3. A simpler way to look at it is this…

    If you can fill a 777-9 it is a better aircraft than the A350-1000 because it’ll cost you less per passenger. But if you can’t, then the A350 is a better plane. Nothing costs more than empty seats!

  4. 1. In a like-for-like, apples-to-apples comparison the seat bottom width on the 777X at 10-abreast is 17,4 inches (i.e. 2 -inch wide armrests (2 x 13) and 17-inch wide aisles (2 x 17) – leading to an effective cabin width of 234 inches = 5.94 m). On the A350-1000 at 9 abreast the seat width is 18 inches (i.e. 2-inch wide armrests (2 x 12) and 17-inch wide aisles (2 x 17) – leading to an effective cabin width of 220 inches = 5.59 m).

    2. Airbus can quite easily modify the A350 wing in order to significantly increase lift over drag. On the current wing, the ailerons are mounted with more distance to the outer rear spars than what’s the case on the A330/A330neo. By re-orienting the outer rear spars with slighly more (trailing sweep) from the area of the kink in the aft spars (i.e. between the flaps and the ailerons), and by increasing wing area and sweep of the 2nd (outer aileron), the outer wing box and ailerons would resemble the outer wing box and tapered ailerons on the A330/A330neo* and it could thus be extended out towards 65/2 metres in semi-span. Alternatively, the outer wing box could get a similar treatment to what Boeing did with the wing on the 77W/77L/77F; an extended wing box extension having a wider tip than what was origninally the case with the wing on the 77A/77E/773 — i.e. look at the kink in the outer wing box in this link:

    Hence, this wider outer section of the wing would facilitate two 777X-sized downward folding wingtips — extending effective wingspan to nearly 72m. Such an undertaking would increase the aspect ratio of the wing of the A350-1000 by upwards of 20 percent. One should not that the aspect ratio of the A350-1000 wing is lower than the aspect ratio of the A350-900 wing — due to the trailing edge extensions on the former which increase the wing area by some 4 percent, while the span remains unchanged (i.e. leading to a poorer wing aspect ratio.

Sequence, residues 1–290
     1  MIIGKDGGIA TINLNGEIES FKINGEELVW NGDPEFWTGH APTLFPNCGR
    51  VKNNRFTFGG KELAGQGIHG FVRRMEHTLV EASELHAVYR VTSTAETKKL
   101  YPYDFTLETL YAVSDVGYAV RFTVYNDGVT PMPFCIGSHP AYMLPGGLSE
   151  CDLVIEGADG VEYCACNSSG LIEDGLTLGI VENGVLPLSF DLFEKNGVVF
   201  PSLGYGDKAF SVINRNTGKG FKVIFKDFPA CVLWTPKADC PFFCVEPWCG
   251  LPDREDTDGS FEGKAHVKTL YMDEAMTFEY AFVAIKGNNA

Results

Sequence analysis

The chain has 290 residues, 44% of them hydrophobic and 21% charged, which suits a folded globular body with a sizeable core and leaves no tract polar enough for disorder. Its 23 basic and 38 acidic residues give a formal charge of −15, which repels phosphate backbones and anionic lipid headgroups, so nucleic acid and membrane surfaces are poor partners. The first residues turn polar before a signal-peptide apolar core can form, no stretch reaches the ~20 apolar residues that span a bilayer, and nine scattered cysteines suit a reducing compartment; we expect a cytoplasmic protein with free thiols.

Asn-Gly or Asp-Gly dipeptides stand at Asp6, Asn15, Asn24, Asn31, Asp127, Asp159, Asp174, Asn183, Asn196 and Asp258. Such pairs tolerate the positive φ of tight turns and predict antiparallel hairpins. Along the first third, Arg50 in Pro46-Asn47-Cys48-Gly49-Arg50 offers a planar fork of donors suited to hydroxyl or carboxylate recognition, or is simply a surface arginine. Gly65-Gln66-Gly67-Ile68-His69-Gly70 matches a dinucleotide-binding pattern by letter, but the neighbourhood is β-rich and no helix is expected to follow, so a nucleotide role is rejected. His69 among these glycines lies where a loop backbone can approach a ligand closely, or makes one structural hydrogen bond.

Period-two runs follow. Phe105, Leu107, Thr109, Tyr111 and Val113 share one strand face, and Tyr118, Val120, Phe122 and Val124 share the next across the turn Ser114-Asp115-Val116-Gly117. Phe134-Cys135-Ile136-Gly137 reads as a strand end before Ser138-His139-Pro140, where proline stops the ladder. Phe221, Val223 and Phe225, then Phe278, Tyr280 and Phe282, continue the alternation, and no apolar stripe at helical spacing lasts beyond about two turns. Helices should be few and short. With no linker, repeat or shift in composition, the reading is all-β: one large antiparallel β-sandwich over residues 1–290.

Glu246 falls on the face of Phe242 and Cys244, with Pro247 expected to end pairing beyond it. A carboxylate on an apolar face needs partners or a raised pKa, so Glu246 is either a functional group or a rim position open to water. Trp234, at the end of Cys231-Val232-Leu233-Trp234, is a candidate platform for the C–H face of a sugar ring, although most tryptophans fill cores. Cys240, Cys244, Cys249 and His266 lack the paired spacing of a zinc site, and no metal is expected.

3. A wing aspect ratio increase of some 20 percent would decrease induced drag by a similar amount. Of course, the modified wing would be heavier than the current one(s), but it would lead to a decrease in fuel consumption by at least 5 percent on the 316 metric tonnes MTOW A350-1000 version — something that would be extremely valuable on an A350-1000ULR (i.e. project Sunrise). In fact, such an enhanced A350-1000 would mean that the 777-8 would be DOA.

    4. A decrease in induced drag in the order of 20 percent would facilitate a significant increase in MTOW (i.e 330+ metric tonnes) and a decrease in the maximum take-off thrust requirements. Hence, a 9-frame (5.72 m / 225-inch) stretched A350-1000 — having a MTOW of around 330 metric tonnes — would only require 97,000 lbs of thrust (x2) at take-off; or about the same take-off thrust as that of the current 308 metric tonnes MTOW version of the A350-1000.

    5. A 79m long A350-2000, stretched by 225 inches, would have a slightly larger cabin than the 777-9 cabin. Since the slightly wider cabin of the 777X offesr little, or no advantage in the premium classes — with respect to how many seats that can be installed — a two, three or four class A350-2000 would have a larger carrying capacity than the 777-9.

    6. A 79m long, 72m wide (wingspan) A350-2000 would also have a significantly lower Operating Weight Empty (OWE). With a MTOW of 330 metric tonnes and and taking-off and cruising with the two existing Trent XWB-97 engines, both the block fuel burn and fuel burn per seat would be significantly lower than those of the 777-9.

  5. Note the 3 big Middle eastern carriers have placed orders for the 777-x. This may not materialize if the big 3 american carriers start complaining about unfair trade practices such as government subsidies etc. or if the ME3 fail or lose market share.

    1. The US 3 have beeen complaing about the ME3 for years. However, with no success. Currently the ME3 are earning less due to intense competition of Turkish AL and other carriers in Asia and Africa. Hence a reduction in B777 orders is quite possible.

  6. I tend to like to look at who the airlines are ordering as they are the ones who are the true judges and look at maintenance, true price (not list), etc. In looking at the two families of aircraft in total and not just judging by one model, you can see that the 777 and A350 families are about even for this year in orders, Boeing came out ahead last year by a slim margin, Airbus the year before, and the two years before that were all Boeing.

    Probably the most disconcerting is that since the A350 has started being delivered (2014, so looking at 2015-2018), it has had a bit over a hundred orders added, while over the same period, Boeing has over 150 777s added, not to mention almost 400 787s. Dwight Looi gives all type of modifications to make Airbus the winner, so I think they need to start putting some of that into practice in get more numbers in the win column.